This also has the benefit of looking more professional when using it at work, compared to the “uh, are you sure this is a good idea” look I get when plugging PCBs directly into USB ports.

The design itself is pretty basic:

  • as small as possible
  • a top and bottom half that snap together securely when assembled
  • a slight recession on the bottom to accommodate the parts on the underside of the PCB
  • holes for the two buttons
  • a thin layer above the LED so it is protected, but still can be seen/used

One reason I like using this case, is that I can print a few in different colors and switch them out based on the payload (e.g. red for dangerous, green/blue/yellow for safe, testing, informational).

 

 

 

 

I uploaded the design to Thingiverse for everyone to access: https://www.thingiverse.com/thing:5994359

 

Using the Pimoroni Tiny 2040 as a USB rubber ducky

Last year I bought a Pimoroni Tiny 2040 that I really enjoy playing around with. It’s a fun little device that runs Python. It’s about the size of a thumbnail, has an LED, and you can use the boot select button for user input.

(Image credit: Pimoroni)

 

I mainly use it as a cheap USB rubber ducky with a non-malicious script at work (if plugged into a PC, it registers as a keyboard and starts typing: open notepad, write some text about the importance of locking your PC, and then locks the PC).
To do this, install CircuitPython, and follow the instructions of this repository: pico-ducky

Once installed, you can easily write your own rubber ducky scripts and drop them on the device or use existing scripts found here: hak5/usbrubberducky-payloads

I have a small git repository that I use as a template to start off with, it includes all the required libraries and a slimmed down and modified rubber ducky parser: ryanschulze/rubber-pico-duck

The LED on the pico 2040 will glow dim blue when it has completed initialization and is ready, if you press the boot select button, the LED will turn red and it will execute the payload, when complete it will flash green briefly before returning to the ready state (dim blue).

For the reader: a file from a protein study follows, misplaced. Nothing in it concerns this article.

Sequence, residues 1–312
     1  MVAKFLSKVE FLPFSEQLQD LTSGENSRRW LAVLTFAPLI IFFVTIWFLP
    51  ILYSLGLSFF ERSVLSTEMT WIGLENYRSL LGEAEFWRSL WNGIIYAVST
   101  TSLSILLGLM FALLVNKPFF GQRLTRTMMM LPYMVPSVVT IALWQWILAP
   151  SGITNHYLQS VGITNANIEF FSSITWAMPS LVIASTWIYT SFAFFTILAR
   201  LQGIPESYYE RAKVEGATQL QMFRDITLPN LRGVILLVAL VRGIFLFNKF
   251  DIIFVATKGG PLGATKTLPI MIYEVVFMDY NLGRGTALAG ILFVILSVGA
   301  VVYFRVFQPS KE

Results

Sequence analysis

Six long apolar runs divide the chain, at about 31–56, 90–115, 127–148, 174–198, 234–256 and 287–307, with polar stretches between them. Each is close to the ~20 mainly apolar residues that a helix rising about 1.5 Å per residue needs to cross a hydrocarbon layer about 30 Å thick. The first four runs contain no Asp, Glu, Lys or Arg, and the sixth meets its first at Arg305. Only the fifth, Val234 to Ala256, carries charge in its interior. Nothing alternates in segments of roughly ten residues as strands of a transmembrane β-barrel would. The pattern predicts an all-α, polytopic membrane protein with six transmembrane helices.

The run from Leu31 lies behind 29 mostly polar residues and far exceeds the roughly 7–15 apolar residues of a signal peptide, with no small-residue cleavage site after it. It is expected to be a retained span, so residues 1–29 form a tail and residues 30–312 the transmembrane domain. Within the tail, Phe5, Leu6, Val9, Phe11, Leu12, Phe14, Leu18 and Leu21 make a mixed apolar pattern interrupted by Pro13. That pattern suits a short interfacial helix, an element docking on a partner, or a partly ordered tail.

Creating systemd service files for docker compose

I’ve recently been moving a few of my services from bare metal installations over to docker containers. Normally I use ansible to deploy everything in the right place (and you should be doing that too), but I have a “playground” to try out stuff before promoting it to “properly deployed on a different VM with ansible”.

The following script came in handy to simplify the process of creating systemd service files for the docker services.

It assumes that you are in a directory with a docker-compose.yml  and the directory name will be the service name, e.g. you are in /opt/watchtower/  and there is a docker-compose.yml  here -> the service name will be watchtower .

 

Using paperless-ngx to manage your paper documents digitally.

Paperless is a document management system that helps you manage digital scans of your documents. I’ve been using it for a while, but as with many projects the developer(s) lost motivation/time to keep the project up-to-date, a fork was made (paperless-ng) which after time also died off. Now a few developers got together, worked through the backlog of issues and forked the next generation as “paperless-ngx”.

There is a Changelog for the specific changes.

Short version: I have my scanner set up to be able to store scans on a network share as PDFs, and paperless monitors the same share for new documents. If it finds a new file, it performs OCR on it (saves the PDF as well as the text) and runs user defined rules against it (e.g. detecting the date of the document, or correspondents, or what kind of document it is, …). It actually makes it very easy to manage physical documents. I just pop them in the scanner, select the destination share, and that’s it, everything else happens automatically. So if I need to search for documents needed to do my taxes. I can do it digitally and not have to go through folders with physical paper.

It can also ingest images or office documents, just toss them in the directory the application monitors for ingesting documents (or use the “Upload” button in the application).

I’m not a big fan of the default dark theme, but a normal light theme is still available.

All in all, it’s pretty nifty, so have a look if this is something that you might find useful.